• People – the way that we engage, govern and take responsibility for the future of inner Adelaide.
  • Process – the way that we procure, measure and manage the best outcomes for inner Adelaide.
  • Urban Networks – the way we integrate and connect our physical environments to create better places for people.

Furthermore, a series of priority precincts and opportunities for inner Adelaide were identified within the Place Shaping Framework through working with project partners. These areas were drawn from projects already underway by state and local government as well as industry and community groups. By continuing to foster an integrated approach, focusing on these places could demonstrate and deliver the framework and achieve the long term vision.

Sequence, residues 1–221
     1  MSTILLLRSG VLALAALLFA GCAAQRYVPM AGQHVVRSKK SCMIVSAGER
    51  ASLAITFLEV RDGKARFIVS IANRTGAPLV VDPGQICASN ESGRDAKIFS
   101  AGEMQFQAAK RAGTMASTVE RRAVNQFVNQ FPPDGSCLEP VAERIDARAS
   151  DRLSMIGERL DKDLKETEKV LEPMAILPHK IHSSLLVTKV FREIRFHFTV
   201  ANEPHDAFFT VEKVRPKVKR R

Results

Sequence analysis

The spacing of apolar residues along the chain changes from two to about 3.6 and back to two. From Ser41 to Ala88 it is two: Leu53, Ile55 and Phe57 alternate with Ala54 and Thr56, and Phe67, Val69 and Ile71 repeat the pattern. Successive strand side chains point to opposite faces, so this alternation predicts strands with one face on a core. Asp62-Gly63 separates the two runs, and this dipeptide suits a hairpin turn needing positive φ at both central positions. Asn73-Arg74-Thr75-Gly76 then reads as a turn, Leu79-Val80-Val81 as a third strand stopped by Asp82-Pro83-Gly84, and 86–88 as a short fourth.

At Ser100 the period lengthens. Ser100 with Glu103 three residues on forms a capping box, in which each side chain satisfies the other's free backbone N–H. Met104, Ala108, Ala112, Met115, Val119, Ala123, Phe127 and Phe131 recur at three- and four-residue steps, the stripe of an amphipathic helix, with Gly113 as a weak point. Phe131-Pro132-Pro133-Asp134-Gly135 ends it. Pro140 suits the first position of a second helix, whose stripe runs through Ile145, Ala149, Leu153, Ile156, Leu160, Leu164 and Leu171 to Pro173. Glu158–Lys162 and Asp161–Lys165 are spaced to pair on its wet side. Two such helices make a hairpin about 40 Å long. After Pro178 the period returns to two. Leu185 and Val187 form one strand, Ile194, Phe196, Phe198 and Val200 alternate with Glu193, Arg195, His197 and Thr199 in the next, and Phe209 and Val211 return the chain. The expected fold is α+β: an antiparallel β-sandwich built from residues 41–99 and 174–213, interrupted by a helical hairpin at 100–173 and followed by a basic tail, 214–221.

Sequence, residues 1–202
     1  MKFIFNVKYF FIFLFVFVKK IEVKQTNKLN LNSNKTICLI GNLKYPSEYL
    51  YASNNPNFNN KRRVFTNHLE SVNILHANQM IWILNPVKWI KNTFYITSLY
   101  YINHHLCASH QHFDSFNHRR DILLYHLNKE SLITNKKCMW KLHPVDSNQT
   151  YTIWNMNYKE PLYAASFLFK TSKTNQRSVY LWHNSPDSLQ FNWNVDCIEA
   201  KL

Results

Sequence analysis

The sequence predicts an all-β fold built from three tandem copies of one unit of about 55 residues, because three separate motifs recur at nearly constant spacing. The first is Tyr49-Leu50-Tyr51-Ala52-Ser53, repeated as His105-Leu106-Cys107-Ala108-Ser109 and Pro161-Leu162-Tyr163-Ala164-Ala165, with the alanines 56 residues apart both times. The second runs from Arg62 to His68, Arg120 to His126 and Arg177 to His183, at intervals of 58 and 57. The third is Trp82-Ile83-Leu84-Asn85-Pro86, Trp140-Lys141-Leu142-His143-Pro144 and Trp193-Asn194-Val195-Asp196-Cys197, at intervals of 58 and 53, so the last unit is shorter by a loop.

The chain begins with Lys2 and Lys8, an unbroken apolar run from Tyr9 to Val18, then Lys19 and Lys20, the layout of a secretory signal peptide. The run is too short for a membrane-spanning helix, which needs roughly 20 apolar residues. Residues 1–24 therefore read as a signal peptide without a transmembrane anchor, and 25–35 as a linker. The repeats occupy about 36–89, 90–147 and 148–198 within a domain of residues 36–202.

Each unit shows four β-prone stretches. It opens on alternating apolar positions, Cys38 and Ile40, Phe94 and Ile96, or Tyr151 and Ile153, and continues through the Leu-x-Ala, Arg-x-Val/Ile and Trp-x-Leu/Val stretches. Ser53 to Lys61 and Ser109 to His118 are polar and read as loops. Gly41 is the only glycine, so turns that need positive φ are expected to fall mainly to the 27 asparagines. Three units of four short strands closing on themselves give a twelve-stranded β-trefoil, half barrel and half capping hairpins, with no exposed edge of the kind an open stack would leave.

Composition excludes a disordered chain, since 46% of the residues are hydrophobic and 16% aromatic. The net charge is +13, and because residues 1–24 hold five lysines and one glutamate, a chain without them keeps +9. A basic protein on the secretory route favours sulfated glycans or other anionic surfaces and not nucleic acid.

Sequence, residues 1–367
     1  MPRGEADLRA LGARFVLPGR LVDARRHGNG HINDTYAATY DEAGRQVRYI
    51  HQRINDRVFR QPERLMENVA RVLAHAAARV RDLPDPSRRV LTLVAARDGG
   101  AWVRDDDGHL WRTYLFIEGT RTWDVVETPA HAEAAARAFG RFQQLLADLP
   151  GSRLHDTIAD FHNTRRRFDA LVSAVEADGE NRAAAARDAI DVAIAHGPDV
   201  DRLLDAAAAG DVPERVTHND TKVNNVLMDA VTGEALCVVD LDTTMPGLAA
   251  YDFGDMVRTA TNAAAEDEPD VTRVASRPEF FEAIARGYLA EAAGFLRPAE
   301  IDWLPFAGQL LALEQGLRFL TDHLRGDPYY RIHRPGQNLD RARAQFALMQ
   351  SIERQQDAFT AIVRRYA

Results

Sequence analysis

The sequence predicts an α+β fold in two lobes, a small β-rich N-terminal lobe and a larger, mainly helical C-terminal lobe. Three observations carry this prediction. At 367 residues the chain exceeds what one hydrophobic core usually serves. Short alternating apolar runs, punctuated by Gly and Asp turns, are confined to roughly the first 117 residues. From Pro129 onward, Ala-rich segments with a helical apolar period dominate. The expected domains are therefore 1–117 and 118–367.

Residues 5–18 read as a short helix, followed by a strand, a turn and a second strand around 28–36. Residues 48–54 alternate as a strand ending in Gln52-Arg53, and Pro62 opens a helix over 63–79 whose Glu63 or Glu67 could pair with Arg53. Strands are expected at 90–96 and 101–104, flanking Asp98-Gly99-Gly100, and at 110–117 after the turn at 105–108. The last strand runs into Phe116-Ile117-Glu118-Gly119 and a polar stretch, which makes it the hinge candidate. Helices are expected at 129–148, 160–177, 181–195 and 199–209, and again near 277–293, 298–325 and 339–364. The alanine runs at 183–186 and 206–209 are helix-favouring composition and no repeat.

• Governance diagram for Integrated Design Strategy for inner Adelaide by Laura Lee.

The project raised the consciousness of design significantly, with an implicit agenda to inform and educate decision makers. Working collaboratively and in partnerships on every initiative, participants were exposed first hand to design processes and methodologies employed by the 5000+ team. In brokering new relationships and spanning divides between disciplines, sectors and tiers of government, a strong network was established that continues despite political and bureaucratic changes. The Office for Design and Architecture (ODASA) the design agency following the IDC, continues the trajectory of some of the initiatives within the reformed Department of Planning, Transport and Infrastructure.